Recent meta‐analyses on dose–response relationships of SSRIs are largely based on indirect evidence. We analyzed RCTs directly comparing different SSRI doses.
Systematic literature search for RCTs. Two raters independently screened articles and extracted data. Across SSRIs, doses defined as low, medium, and high doses, based on drug manufacturers’ product monographs, were analyzed in pairwise random‐effects meta‐analyses and in a sensitivity network meta‐analysis with regard to differences in antidepressive efficacy (primary outcome). We also analyzed all direct comparisons of different dosages of specific SSRIs. (Prospero CRD42018081031).
Out of 5333 articles screened, we included 33. Comparisons of dosage groups (low, medium, and high) resulted in only small and clinically non‐significant differences for SSRIs as a group, the strongest relating to medium vs low doses (SMD: −0.15 [95%‐CI: −0.28; −0.01) and not sustained in a sensitivity analysis. Among different doses of specific SSRIs, no statistically significant trend emerged for efficacy at higher doses, but 60 mg/day fluoxetine are statistically significantly inferior to 20 mg/day. Paroxetine results are inconclusive: 10 mg/day are inferior to higher doses, but 30 and 40 mg/day are inferior to 20 mg/day. Meaningful effects cannot be ruled out for certain drugs and dosages, often investigated in only one trial. Dropout rates increase with dose—particularly due to side effects. Network meta‐analyses supported our findings.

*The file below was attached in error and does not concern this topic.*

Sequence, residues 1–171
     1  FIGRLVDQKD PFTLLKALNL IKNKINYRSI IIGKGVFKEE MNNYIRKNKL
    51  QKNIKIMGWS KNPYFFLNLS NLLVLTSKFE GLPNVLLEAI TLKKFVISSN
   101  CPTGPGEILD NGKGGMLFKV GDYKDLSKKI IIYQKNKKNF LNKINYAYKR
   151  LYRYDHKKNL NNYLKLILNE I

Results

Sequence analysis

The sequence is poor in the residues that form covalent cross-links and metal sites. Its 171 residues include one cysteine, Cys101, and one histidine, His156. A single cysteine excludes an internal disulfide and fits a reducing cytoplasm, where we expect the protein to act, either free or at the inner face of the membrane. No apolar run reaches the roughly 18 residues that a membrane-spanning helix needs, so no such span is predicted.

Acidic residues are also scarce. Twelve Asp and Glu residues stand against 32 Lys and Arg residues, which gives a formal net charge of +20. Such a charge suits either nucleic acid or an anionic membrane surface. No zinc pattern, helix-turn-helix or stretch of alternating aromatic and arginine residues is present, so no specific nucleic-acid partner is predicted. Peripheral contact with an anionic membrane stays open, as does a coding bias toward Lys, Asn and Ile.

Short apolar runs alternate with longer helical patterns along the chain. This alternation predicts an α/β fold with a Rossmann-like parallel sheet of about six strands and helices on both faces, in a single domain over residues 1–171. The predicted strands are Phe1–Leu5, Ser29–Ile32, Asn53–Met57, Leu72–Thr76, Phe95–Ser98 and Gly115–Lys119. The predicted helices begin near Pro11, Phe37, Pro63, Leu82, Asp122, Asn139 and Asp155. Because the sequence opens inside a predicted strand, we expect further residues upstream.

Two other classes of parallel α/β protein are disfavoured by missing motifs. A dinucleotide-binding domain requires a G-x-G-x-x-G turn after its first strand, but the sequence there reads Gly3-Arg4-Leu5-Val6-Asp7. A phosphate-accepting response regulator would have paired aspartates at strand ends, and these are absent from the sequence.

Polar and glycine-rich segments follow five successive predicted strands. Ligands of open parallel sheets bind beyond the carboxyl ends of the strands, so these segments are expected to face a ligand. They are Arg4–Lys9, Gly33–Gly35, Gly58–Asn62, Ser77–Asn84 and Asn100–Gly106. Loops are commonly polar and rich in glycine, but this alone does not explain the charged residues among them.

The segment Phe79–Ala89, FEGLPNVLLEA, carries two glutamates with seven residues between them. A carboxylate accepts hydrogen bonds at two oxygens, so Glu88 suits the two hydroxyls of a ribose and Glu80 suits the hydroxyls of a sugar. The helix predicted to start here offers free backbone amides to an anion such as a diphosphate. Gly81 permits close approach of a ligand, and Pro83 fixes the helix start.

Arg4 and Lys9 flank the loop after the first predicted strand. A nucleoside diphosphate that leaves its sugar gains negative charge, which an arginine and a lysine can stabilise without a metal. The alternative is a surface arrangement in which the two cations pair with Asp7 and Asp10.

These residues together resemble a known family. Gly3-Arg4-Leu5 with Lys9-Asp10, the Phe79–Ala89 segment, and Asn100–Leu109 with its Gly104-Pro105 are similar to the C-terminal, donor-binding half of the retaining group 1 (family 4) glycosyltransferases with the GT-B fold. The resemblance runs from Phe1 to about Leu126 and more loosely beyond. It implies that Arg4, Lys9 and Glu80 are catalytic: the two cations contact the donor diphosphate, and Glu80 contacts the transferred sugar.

There is no conclusive level I or level II evidence of a clinically meaningful dose–response relationship of SSRIs as a group or of single substances. High SSRI doses are not recommended as routine treatment.